Epiphany 2, 2017
January 15, 2017
Immanuel Lutheran Church, Hamilton, Ohio
Pastor Kevin Jud
Psalm 40:1-11, Isaiah 49:1-7, 1 Corinthians 1:1-9, John 1:29-42

 

lamb_6710cn            “Behold!  The Lamb of God, who takes away the sin of the world!”

When the children of Israel were in slavery in Egypt the Lord sent plagues against hard-hearted Pharaoh and all the Egyptians.  The final plague was the Lord coming against the Egyptians to kill the firstborn both of man and animal.

The children of Israel were protected from this plague by the blood of lambs.  Each family selected an unblemished year old male lamb and killed it at twilight.  They painted the lintel and doorposts of their homes with the blood and roasted the lambs to eat with unleavened bread and bitter herbs.  The Lord that night passed over the houses of the children of Israel protected by the blood of the lamb.

Each year the Jews remembered God’s deliverance from Egypt by killing a lamb and roasting it and eating it to remember the first Passover when God protected them by the blood of lambs from the Plague of the death of the first born.

In accordance with the Lord’s instruction in Exodus 29 early each morning the Jewish priest would make his way to the sheep pen. Each and every morning the temple priest selected a year old lamb, carried it out of the pen, bond its legs, took a knife and sacrificed it on the temple altar.  He did this every morning.  He did the same thing every evening.  He selected a lamb and sacrificed it on the temple altar.  Every morning and every evening the priest sacrificed a lamb.  Two lambs a day, 14 lambs a week, 60 lambs a month, 730 lambs a year.  This was a regular burnt offering on the temple altar to remember that the Lord YHWH is God.  He is the one who brought the children of Israel up out of the land of Egypt so that He might dwell with them.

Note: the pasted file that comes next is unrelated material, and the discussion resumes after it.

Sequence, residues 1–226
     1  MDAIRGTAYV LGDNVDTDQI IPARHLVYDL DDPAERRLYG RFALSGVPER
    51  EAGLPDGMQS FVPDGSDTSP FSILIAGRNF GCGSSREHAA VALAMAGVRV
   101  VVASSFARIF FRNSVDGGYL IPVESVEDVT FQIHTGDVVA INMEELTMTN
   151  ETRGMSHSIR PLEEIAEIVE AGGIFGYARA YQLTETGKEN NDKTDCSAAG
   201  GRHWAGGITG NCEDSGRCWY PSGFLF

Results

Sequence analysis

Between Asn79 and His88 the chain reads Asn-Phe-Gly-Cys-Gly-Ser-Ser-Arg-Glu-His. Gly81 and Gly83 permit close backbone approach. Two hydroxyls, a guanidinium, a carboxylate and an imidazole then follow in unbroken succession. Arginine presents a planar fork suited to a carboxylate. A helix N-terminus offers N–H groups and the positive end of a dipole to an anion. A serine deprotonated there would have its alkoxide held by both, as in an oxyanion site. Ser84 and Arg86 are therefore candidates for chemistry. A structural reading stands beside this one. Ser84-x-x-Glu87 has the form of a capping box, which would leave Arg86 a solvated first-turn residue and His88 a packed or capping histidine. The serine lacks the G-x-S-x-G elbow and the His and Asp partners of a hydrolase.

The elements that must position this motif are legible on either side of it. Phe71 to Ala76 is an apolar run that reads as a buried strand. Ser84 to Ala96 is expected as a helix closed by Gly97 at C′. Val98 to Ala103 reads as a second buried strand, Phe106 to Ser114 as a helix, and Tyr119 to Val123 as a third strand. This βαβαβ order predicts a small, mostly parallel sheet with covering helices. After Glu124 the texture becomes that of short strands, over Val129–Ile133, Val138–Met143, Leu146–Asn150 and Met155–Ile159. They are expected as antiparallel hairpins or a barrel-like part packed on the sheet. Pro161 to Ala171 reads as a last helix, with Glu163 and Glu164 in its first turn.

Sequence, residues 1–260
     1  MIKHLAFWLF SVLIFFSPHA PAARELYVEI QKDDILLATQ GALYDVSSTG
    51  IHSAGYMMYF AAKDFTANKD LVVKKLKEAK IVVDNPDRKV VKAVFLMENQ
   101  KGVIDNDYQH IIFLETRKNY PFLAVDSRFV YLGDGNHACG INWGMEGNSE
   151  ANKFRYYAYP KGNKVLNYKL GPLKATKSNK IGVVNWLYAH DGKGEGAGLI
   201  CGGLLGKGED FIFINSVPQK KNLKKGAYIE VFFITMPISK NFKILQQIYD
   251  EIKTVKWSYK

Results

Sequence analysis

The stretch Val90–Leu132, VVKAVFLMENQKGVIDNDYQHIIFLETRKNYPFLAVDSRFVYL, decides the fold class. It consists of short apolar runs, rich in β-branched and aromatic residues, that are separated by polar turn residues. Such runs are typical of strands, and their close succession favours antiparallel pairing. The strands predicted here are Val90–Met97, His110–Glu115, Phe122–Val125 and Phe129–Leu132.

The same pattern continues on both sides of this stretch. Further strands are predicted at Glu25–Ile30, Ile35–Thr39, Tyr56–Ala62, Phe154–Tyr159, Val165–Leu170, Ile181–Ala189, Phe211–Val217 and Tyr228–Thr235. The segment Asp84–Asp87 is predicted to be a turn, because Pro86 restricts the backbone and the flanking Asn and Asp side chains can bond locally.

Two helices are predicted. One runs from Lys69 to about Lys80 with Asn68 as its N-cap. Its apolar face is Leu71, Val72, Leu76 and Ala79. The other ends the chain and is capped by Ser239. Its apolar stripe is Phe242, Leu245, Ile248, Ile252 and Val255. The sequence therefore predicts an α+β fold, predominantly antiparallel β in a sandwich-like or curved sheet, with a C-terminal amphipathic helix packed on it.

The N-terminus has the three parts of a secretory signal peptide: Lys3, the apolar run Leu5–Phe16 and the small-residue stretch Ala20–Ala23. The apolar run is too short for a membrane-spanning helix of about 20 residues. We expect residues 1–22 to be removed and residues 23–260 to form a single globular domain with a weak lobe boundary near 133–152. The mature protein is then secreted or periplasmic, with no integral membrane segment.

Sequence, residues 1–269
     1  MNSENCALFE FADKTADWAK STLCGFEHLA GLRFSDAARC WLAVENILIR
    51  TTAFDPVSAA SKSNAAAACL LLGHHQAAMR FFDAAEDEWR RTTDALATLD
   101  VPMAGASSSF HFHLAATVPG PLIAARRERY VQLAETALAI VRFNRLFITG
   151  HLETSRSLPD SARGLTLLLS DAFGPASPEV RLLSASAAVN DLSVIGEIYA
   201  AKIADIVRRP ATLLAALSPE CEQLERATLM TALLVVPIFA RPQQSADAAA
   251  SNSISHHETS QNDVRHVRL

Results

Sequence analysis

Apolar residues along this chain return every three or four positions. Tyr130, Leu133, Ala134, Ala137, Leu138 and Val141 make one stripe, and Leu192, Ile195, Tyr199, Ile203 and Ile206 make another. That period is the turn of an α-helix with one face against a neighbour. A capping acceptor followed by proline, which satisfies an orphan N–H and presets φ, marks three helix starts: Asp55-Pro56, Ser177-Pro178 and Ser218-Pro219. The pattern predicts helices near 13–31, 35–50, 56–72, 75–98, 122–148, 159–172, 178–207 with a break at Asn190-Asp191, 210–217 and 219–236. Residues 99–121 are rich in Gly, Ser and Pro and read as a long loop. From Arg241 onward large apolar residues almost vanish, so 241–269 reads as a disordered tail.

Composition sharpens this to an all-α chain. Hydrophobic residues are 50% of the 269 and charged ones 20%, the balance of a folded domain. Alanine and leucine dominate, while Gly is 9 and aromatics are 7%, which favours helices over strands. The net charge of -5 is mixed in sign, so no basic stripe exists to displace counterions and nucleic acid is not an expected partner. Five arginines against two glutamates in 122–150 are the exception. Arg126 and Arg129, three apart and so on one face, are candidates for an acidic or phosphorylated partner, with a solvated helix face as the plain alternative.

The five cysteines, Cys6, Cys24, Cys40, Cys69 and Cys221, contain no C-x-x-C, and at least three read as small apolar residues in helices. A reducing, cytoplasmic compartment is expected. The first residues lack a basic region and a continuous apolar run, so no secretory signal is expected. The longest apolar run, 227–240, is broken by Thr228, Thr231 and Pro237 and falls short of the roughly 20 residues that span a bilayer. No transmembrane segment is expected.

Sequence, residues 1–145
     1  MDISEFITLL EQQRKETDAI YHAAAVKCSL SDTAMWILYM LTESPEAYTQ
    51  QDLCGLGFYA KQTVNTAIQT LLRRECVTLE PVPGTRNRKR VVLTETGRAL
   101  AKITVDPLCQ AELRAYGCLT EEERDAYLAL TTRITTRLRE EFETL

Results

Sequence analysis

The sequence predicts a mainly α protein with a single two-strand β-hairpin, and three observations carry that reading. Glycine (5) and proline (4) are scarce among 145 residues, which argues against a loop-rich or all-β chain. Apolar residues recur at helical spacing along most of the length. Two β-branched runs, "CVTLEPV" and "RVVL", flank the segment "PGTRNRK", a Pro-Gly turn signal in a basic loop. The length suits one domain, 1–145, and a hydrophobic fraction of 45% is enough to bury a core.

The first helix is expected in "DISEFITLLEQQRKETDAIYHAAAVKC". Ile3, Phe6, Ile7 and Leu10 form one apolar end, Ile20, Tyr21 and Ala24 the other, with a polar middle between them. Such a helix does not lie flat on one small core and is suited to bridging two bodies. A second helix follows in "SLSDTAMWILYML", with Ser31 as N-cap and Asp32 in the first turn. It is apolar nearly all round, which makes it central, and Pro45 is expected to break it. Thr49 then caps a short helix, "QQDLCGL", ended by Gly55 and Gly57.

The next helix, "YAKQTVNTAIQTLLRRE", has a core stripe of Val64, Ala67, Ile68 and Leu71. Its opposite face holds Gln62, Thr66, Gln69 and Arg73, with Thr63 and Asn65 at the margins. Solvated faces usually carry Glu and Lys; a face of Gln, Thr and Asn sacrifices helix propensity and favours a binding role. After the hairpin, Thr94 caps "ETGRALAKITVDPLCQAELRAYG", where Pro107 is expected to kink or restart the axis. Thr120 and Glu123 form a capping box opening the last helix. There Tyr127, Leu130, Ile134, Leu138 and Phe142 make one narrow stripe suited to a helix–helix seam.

730 lambs a year as a daily remembrance of God’s deliverance; thousands of lambs sacrificed each year for the Passover meal.  So many lambs…shedding so much blood.

John the Baptist sees Jesus coming towards him.  “Behold, the Lamb of God, who takes away the sin of the world!”

John the Baptist here says a mouthful as he sees Jesus coming towards him, “Behold, the Lamb of God, who takes away the sin of the world!”

Behold is one of those words that we don’t really use much in our daily language.  Behold!  Anyone who is listening, take notice!  This is important.  Behold!

The Lamb of God.  The Lamb of God.  All the blood of thousands upon thousands of lambs sacrificed daily and at Passover all culminate in this one Lamb, who is not a lamb, but a man; who is not only a man, but God in flesh.  The Lamb of God.  How can this be?  What does this mean?  How can Jesus of Nazareth, be The Lamb of God.  The Lambs are killed.  What is going to happen to Jesus?

And what does it mean that He is the Lamb of God?  Is this a Lamb owned by God or a Lamb provided by God?  As we learn more about this Jesus of Nazareth we learn that indeed He is the Lamb provided by God.  Jesus is the Lamb offered by God.

The Passover Lambs shed their blood to protect the children of Israel from the Lord’s wrath against Egypt.  What is this Lamb going to do?

“Behold, the Lamb of God, who takes away the sin of the world!”  Takes away the sin of the world.”

What an amazing thing to say about Jesus.  He is going to take away the sin of the world.